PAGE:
Restaurant cooks love these handy bottles. We put the squeeze on them to find the best.
Published Apr. 15, 2020.
Once seen mostly in restaurant kitchens and at hot dog stands, squeeze bottles have become increasingly common in home kitchens as well. They’re handy for storing and dispensing oil, vinegar, and other condiments and sauces. We like them in particular because they offer a precise, controlled pour. By squeezing the flexible plastic sides of the bottle, you can easily modulate the volume of food that comes out through the narrow spout—a welcome development for anyone who’s ever tried to measure an exact tablespoon of olive oil from the bottle and ended up with a whole counter doused in it. We wanted to know which squeeze bottle was best for home cooks, so we bought five widely available models priced from about $1.00 to about $6.00 per bottle. While these bottles come in many sizes, we decided to focus on bottles with a capacity of 16 ounces, the most common and practical size available, using each to store and pour different volumes of water, simple syrup, oil, and ketchup and to make, store, and pour Make-Ahead Sherry-Shallot Vinaigrette.
All the bottles did a good job of holding and dispensing their contents; none of these bottles will ruin your day unless you neglect to screw the top on tightly before use. But a few features made certain models a little easier to use than others. When it came to filling them, we much preferred bottles with wider mouths (the bigger openings below the lid you use to fill the bottles) that measured about 2 inches in diameter. Bottles with narrower mouths required us to aim more carefully as we poured freehand into the bottle from a larger vessel; when we used a funnel, it sat slightly less securely in these narrower mouths, tipping to one side more readily than in the wider ones. Bottles with wide mouths were also easier to clean, providing plenty of clearance for us to insert our favorite bottle brush so that we could scrub out any sticky ketchup or pieces of shallot and herb from the vinaigrette.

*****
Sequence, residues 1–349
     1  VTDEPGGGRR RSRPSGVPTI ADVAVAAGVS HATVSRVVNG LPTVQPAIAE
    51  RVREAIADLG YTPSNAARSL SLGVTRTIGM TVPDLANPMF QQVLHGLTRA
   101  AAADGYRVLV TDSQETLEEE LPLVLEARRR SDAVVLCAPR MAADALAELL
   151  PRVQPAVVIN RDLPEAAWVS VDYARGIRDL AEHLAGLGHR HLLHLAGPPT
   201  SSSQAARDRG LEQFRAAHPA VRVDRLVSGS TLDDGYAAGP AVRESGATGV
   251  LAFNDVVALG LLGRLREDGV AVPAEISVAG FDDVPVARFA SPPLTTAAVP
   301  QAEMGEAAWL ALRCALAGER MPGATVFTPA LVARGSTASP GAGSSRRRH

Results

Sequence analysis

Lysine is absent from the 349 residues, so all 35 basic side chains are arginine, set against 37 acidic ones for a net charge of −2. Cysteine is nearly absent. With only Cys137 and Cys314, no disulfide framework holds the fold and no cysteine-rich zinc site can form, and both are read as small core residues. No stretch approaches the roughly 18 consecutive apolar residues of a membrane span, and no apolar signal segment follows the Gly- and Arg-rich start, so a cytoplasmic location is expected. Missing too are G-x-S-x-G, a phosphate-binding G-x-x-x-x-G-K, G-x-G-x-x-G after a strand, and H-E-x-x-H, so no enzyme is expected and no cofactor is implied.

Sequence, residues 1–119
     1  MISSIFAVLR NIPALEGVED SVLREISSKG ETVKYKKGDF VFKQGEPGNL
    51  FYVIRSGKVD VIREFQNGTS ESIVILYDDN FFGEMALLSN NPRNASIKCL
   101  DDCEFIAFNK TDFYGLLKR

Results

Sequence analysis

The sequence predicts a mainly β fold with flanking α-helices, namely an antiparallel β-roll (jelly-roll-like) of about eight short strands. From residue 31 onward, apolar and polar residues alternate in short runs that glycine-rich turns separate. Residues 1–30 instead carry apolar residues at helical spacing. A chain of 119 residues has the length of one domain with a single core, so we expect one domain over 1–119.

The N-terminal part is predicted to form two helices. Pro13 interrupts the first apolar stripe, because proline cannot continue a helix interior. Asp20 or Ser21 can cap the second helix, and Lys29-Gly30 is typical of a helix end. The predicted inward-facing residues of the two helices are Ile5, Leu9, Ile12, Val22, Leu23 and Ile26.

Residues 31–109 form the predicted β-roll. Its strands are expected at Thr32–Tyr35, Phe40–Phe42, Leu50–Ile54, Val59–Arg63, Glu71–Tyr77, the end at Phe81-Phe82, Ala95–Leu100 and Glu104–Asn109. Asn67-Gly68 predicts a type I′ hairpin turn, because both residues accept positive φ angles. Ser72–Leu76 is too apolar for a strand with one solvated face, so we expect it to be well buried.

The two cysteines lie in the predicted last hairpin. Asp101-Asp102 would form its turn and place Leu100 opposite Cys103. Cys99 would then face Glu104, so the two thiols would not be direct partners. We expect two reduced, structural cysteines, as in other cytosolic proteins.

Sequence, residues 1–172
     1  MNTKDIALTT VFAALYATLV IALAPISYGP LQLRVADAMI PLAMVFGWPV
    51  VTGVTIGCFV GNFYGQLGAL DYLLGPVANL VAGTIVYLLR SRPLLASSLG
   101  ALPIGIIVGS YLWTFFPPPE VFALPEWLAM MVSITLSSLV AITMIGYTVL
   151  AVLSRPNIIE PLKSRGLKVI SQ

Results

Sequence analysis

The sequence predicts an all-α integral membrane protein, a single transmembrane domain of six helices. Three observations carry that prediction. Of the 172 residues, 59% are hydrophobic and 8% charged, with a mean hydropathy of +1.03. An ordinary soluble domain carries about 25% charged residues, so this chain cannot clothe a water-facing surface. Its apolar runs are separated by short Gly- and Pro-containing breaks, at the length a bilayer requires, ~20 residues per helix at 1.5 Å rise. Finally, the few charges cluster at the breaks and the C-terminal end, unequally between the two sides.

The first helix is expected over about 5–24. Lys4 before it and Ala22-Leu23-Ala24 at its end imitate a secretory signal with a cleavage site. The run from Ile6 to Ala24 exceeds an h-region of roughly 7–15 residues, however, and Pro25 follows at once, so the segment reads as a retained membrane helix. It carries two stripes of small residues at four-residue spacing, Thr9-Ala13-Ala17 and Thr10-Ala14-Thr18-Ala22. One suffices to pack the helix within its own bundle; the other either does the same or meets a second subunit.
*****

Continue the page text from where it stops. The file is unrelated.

In general, bottles with narrow mouths had narrow bodies as well, with most measuring about 8 inches around. These narrower bottles were slightly easier for testers with smaller hands to grip securely, but even larger bottles with circumferences of about 9 inches were manageable for most hands.
The flexibility and type of plastic used to make the bottles were more important than their circumference. Stiffer bottles were harder to squeeze, requiring a little more muscle to dispense their contents. The stiffest model was made from high-density polyethylene (HDPE), which is typica...
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Miye is a senior editor for ATK Reviews. She covers booze, blades, and gadgets of questionable value.